Fraser Caldwell | Ticats.ca Staff
HAMILTON -- The Tiger-Cats' most recent blowout success has onlookers labeling the team as an enigma.
Though they have been dominant winners one week, players have been unable to build upon their momentum in the next.
That trend is set to change if the Ticats have anything to say about it on Friday, as the team sizes up a crucial road contest in Edmonton.
Henry Burris brings out the buzzword of the moment as he looks forward to Friday’s western trip.
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“Our big thing right now is to be consistent,” says Burris. “I don’t want to feel good this week and then feel sad next week.”
“For me, the most important thing is to be able to justify what we did in the past. To be able to justify this past week’s performance, it’s all about coming out and following it up with another great one.”
But how exactly are the Ticats to find that dependable level that they’ve searched for all season?
Burris believes that the key to constant performance is playing with the same group week-in and week-out, gaining the understanding and timing necessary to execute.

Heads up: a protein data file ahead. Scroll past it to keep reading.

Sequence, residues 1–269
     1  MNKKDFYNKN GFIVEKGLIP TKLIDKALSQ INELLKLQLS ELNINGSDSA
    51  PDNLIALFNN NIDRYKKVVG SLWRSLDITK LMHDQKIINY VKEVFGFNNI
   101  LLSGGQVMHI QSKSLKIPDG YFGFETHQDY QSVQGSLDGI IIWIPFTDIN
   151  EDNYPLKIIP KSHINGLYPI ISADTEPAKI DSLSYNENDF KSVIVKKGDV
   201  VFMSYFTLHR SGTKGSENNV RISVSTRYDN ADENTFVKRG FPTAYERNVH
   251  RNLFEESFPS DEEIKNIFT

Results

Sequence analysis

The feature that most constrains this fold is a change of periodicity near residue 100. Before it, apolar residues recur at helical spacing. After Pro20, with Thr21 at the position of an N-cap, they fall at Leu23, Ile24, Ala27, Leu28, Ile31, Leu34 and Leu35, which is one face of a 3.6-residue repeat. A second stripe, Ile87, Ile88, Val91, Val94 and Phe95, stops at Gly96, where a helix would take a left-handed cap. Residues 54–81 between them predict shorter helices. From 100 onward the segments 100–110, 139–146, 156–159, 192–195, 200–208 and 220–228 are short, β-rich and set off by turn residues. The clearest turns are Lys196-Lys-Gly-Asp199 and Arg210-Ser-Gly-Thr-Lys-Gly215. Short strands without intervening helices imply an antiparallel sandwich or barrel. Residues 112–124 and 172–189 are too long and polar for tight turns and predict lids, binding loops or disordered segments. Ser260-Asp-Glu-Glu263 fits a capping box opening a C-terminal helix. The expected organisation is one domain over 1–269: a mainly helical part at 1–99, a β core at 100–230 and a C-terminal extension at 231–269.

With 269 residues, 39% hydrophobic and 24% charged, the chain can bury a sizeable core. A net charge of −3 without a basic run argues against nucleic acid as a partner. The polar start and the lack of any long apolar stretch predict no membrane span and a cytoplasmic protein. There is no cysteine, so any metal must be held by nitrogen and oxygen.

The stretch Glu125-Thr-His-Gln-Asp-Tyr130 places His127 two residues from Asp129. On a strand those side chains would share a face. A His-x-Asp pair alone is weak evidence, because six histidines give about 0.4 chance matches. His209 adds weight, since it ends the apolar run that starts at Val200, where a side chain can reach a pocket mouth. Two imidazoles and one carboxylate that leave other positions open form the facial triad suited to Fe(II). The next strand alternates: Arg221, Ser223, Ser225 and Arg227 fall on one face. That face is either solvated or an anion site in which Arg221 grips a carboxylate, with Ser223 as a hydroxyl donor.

“I always say that consistency starts in the locker room,” says the Ticat quarterback.
“When you have consistent guys that you’re with each and every day, each and every play, you’ll start to gain that consistency on the field.”
The Eskimos will give nothing away cheaply on Friday, desperate as they are to break out of the five-game slump that has inspired a shuffle of their coaching staff.
Edmonton will be a team on a mission in front of an equally desperate fanbase.
Burris concedes that his team will have to be wary of the Eskimos on Friday, but insists that his teammates’ focus should be squarely on their own situation.
"For us, it’s more important that we just take care of ourselves and not worry about what’s going on in anyone else’s house.”
Receiver Dave Stala echoes his quarterback, and suggests that desperate teams become ever more common as a season reaches its closing stages.
“It seems like we play teams like that all the time,” says Stala of the Ticats opponents. “Down the stretch here, that’s what happens.”
“But we’re not going to worry about that. We’re concerned about our own locker room and making plays.”
The last time that these two teams met, it was the “big play” that propelled the Ticats to a commanding 51-8 victory. Last week, Hamilton displayed a more measured, possession-based attack to route the Montreal Alouettes.
Both approaches have been shown to work, but do the Ticats have a preference for their offence?
|2||Blue Bombers||DE||Mulumba, Andy|
|3||Alouettes via EDM||LB||Edem, Mike|